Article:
New virus injection treatment shows progress in fight against glioblastoma

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A new injection therapy is showing signs of progress in the fight against glioblastoma, an aggressive kind of brain cancer. (KABC)

No one wants to hear the words brain cancer, especially glioblastoma, which is the most aggressive kind of cancer.

Even with standard treatments, such as chemotherapy and radiation, most patients often do not live past a year and a half. Many people take meds to fight the infection, but 42-year-old Francois does the opposite.

His cancer treatment contains a virus, and it's this new treatment that appears to be showing some promise.

"This is a virus that humans don't normally see and so there's not a built-in immunity," Dr. Michael Vogelbaum said.

Vogelbaum said the virus' job is to help fight glioblastoma, or GBM. In a report provided by the Cleveland Clinic, where the study is taking place, Vogelbaum said the drug appears to be helping Francois, who was diagnosed with GBM in 2014.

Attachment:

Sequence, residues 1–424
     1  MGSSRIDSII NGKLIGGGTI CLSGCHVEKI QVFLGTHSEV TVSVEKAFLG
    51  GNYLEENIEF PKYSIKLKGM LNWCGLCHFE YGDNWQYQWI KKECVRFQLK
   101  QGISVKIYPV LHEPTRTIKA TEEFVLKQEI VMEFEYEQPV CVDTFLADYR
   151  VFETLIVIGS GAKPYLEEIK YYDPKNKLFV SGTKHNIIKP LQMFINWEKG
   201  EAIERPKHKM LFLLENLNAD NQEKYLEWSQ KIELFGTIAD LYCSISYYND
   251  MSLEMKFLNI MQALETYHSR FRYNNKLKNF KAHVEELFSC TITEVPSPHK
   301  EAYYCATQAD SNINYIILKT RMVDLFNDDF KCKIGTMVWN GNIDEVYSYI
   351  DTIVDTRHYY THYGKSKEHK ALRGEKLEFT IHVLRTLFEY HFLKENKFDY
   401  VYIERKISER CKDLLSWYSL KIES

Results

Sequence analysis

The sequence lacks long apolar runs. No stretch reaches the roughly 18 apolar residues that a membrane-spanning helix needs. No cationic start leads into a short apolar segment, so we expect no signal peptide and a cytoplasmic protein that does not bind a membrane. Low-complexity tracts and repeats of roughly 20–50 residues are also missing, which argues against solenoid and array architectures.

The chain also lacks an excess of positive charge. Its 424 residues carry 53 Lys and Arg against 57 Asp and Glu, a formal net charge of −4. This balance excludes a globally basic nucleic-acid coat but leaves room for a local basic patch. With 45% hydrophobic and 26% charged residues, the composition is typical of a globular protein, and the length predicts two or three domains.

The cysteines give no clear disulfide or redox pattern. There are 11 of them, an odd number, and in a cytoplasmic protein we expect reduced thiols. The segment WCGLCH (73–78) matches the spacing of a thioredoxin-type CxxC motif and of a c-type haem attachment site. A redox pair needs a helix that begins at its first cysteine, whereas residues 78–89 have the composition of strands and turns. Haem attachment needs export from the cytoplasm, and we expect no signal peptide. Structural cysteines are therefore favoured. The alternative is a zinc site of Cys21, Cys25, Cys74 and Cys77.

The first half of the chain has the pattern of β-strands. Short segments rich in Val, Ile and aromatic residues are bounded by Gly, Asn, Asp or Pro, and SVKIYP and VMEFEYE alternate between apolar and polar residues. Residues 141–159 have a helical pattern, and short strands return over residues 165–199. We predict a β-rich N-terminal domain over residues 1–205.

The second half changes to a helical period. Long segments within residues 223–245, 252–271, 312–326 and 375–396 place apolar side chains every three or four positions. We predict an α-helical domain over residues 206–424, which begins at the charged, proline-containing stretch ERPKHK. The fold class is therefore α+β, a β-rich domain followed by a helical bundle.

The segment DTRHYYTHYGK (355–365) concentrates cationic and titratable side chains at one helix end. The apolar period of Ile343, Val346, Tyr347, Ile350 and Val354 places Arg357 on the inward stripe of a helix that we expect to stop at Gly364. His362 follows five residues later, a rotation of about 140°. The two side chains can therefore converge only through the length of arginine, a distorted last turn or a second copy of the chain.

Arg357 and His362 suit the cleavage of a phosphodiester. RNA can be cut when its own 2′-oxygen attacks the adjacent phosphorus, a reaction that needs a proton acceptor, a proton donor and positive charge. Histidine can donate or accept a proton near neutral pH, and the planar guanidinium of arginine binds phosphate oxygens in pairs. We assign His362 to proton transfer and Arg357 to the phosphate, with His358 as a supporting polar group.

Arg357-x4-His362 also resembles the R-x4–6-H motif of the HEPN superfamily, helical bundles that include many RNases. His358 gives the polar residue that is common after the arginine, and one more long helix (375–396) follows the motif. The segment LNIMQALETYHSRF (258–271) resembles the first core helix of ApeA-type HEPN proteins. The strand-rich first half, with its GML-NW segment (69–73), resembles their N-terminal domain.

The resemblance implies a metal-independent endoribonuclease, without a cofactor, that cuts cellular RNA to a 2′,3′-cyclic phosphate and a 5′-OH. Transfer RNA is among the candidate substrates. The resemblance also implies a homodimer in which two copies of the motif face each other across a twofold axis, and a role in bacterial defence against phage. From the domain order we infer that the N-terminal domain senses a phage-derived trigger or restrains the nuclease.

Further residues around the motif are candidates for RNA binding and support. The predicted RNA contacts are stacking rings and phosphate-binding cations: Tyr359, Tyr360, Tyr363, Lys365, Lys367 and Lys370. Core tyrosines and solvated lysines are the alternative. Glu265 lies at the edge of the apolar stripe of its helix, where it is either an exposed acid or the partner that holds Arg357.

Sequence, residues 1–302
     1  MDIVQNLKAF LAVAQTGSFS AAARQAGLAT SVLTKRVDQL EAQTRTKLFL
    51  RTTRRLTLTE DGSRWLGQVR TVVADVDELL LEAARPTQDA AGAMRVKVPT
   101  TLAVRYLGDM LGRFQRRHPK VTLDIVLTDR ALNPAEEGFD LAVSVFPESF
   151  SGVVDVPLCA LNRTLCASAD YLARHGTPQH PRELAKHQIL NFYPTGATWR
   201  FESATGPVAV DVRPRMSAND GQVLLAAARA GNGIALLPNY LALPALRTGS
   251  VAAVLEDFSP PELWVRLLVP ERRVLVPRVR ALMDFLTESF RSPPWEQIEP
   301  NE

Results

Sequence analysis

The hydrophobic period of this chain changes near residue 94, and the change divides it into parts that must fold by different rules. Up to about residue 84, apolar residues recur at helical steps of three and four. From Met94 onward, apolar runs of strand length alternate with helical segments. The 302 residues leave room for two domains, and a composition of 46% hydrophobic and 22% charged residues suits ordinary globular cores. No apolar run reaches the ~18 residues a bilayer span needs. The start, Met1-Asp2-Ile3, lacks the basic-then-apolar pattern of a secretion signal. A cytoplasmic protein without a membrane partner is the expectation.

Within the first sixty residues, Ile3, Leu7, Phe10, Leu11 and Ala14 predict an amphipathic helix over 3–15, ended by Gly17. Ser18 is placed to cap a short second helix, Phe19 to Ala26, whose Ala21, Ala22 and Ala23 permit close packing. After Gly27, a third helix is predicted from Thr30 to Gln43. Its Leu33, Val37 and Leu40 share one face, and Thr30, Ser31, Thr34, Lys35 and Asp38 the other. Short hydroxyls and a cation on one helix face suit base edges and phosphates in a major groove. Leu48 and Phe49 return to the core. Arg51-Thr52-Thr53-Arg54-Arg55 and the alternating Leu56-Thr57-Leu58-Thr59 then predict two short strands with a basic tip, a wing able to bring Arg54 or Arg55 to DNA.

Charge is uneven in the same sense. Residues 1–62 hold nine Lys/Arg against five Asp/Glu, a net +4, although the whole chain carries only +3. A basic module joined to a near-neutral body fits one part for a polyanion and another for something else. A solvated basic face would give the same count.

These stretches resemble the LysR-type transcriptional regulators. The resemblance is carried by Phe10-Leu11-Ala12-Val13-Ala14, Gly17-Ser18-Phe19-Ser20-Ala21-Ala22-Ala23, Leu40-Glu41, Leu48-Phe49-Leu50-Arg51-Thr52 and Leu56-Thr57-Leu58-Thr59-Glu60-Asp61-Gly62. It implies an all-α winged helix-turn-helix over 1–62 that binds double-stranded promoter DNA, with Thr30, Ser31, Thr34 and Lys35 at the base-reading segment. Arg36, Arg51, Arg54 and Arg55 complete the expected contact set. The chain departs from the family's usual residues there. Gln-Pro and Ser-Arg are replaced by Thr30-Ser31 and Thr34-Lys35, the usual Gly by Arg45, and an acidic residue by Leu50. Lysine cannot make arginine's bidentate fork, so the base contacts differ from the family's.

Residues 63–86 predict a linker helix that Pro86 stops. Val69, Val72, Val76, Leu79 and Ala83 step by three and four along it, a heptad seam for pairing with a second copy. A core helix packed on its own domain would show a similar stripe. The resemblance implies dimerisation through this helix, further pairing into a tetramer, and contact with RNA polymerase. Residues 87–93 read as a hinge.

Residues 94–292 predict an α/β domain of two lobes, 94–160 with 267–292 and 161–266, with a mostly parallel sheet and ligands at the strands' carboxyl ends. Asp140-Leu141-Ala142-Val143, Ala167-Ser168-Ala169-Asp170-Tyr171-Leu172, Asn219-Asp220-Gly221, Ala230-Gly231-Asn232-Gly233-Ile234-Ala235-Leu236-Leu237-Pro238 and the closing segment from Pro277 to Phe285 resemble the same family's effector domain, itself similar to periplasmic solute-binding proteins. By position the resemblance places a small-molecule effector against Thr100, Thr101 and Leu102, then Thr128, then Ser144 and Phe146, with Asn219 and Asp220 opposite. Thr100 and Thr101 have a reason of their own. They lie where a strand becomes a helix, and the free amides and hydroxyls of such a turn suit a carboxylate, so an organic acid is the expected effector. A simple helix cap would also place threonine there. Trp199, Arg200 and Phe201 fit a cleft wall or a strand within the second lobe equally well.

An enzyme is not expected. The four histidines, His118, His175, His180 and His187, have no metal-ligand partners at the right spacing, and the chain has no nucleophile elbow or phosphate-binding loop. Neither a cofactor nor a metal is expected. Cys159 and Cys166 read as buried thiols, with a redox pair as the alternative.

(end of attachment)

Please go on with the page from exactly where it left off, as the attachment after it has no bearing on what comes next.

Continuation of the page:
"I have only one child, so he was born when I discovered the problem. He's as old as my health problems," Francios said.

He is now looking forward to his son's second birthday. The experimental treatment involves injecting a live virus into the brain tumor. The virus carries a gene which makes the tumor more sensitive to a medication that eventually turns into a chemotherapy agent.

"It's only cells that have this gene that can convert it into a toxic chemotherapy," Vogelbaum said.

Researchers hope the next study will show the virus therapy is an effective tool against GBM. Francios' cancer is now under control, which means he has more time with his son.

He said every time he gets to see his son's birthday, he'll know how many years he's been dealing with GBM and surviving it.
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